According to historians, Japan’s version of Thanksgiving, Kinro Kansha no Hi (Labor Thanksgiving Day), has roots in an ancient rice harvest festival called Niinamesai. While the holiday began as a way to celebrate the harvest, it eventually transformed into a holiday to commemorate the workers who helped the harvest happen. Both the Americans and the Japanese use the day to focus on what they’re grateful for, but Japanese Labor Thanksgiving Day is specifically about being thankful for the hard work of devoted workers.
The celebration of Labor Thanksgiving Day revolves less around food and more around thanking those who work hard to keep the country running smoothly. School children will sometimes write thank you notes to firefighters, police officers, and other municipal workers who help keep them safe.
Every January in southern India, many people celebrate Pongal, a four-day harvest festival that celebrates the harvest of crops like rice, turmeric, and sugarcane. Versions of Pongal are celebrated throughout different parts of India. But in southern India, Pongal is an important Hindu festival that celebrates each of the four days differently.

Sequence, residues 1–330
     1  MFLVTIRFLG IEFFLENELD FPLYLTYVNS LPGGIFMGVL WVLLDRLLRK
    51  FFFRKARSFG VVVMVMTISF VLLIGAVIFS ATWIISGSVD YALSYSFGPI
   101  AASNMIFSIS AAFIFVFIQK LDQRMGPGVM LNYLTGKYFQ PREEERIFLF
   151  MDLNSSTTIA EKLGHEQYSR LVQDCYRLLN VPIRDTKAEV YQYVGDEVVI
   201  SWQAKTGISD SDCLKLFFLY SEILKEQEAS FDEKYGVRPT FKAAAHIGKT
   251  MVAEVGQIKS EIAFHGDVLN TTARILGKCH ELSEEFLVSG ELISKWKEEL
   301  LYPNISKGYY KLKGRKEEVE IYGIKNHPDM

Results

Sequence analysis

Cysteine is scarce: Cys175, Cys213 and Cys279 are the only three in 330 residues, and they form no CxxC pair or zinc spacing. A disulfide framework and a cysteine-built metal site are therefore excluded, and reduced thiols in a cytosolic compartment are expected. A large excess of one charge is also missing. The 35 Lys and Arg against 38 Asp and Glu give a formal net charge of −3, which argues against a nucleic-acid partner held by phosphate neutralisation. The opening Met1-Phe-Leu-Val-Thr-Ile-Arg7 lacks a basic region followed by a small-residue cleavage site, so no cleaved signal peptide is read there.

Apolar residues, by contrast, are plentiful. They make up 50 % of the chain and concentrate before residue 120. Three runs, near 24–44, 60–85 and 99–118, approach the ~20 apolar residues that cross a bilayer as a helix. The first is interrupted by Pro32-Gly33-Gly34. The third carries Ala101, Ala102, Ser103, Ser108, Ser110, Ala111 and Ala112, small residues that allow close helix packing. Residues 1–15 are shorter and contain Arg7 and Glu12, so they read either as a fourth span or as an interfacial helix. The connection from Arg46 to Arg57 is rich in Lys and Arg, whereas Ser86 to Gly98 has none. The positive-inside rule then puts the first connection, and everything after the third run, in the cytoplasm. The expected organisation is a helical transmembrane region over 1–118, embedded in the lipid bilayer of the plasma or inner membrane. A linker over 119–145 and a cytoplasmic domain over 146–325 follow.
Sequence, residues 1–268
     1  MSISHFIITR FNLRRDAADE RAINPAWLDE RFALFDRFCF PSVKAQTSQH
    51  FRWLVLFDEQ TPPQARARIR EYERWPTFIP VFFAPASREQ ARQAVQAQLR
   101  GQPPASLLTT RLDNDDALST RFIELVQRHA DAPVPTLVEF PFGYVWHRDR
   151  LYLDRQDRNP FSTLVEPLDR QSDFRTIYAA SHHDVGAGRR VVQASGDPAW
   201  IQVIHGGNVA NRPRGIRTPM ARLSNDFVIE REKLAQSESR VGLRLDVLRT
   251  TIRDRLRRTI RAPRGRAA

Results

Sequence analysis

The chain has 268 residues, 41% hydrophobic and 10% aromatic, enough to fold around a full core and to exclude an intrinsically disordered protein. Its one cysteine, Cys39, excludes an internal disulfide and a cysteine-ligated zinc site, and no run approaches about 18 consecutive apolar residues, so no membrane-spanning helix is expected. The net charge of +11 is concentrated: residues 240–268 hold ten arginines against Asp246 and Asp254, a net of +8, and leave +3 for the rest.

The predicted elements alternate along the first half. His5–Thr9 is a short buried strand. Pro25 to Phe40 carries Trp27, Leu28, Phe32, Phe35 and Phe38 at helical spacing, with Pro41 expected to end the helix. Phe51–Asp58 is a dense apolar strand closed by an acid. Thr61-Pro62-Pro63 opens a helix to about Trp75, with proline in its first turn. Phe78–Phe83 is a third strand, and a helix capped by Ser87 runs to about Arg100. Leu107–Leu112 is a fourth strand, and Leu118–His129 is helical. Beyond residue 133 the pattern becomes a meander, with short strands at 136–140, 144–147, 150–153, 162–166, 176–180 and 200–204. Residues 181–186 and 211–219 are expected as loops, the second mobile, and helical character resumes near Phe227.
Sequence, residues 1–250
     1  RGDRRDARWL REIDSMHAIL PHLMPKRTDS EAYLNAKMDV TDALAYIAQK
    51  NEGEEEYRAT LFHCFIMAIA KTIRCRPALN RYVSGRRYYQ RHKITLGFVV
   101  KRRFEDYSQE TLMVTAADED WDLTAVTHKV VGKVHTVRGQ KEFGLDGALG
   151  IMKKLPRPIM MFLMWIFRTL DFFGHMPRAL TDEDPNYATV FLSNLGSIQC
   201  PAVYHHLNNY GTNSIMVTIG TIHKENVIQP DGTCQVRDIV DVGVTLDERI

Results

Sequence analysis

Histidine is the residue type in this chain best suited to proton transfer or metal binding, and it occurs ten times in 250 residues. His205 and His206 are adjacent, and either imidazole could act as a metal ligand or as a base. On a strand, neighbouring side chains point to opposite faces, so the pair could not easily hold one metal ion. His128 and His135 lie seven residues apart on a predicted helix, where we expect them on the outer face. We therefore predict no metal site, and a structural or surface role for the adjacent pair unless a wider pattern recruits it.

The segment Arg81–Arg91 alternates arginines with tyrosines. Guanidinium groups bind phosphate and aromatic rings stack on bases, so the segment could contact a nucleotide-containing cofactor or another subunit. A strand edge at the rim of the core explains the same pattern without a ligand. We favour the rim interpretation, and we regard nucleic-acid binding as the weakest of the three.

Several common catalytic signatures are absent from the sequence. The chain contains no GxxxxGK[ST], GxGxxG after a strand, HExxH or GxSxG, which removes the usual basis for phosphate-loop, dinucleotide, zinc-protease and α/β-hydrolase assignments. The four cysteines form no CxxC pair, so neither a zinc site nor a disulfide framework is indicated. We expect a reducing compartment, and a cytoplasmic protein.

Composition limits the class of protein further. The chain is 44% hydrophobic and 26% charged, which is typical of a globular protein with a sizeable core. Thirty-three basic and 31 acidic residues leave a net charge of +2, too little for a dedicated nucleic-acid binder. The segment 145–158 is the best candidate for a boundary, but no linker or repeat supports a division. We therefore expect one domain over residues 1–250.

The first day is celebrated with the Bhogi festival, which honors Lord Indra, the god of rain. On this day, people toss unused or unwanted belongings in a large fire to signify the disposal of old habits and attachments to material goods. On the second day, a dish made with sweet rice, turmeric, and milk, also called Pongal, is prepared. Additionally, a traditional form of drawing called Kolam is done outside of entryways in order to bring good luck and success to each home.
The third day, Mattu Pongal, is celebrated in honor of any cows. The townspeople will decorate village cattle in floral garlands and bells. Finally, on the last day, Kaanum Pongal, leftover Pongal (the dish) from the second day of the festivities, is placed on a clean turmeric leaf by any woman to ask for their brothers’ prosperity.
In Brazil, Thanksgiving is called the Dia de Ação de Graças. According to its origin story, Brazilian Thanksgiving began after a Brazilian ambassador returned to Brazil from the United States in the 1940s. The ambassador enjoyed the celebration of Thanksgiving so much that he told the president at the time, Gaspar Dutra, all about it. So on August 17, 1949, President Dutra instituted the Dia de Ação de Graças to be celebrated on the fourth Thursday in November. The celebration isn’t considered a Brazilian holiday. Still, some Brazilians and many Americans who live in Brazil, as well as some Protestants, take the day to remember what they’re grateful for.
Wherever you are in the world, you probably have something to be grateful for. So whether you’re in Brazil, India, Japan, Canada, The Netherlands, the United States, or anywhere else in the world, we hope you have a wonderful Thanksgiving, whatever it looks like. If you’re curious about some other harvest festivals around the world, you can learn about a few more in Italy, China, and Korea, as well as this harvest festival celebrated by Jewish people around the world. No matter where or how you’re celebrating, happy Thanksgiving!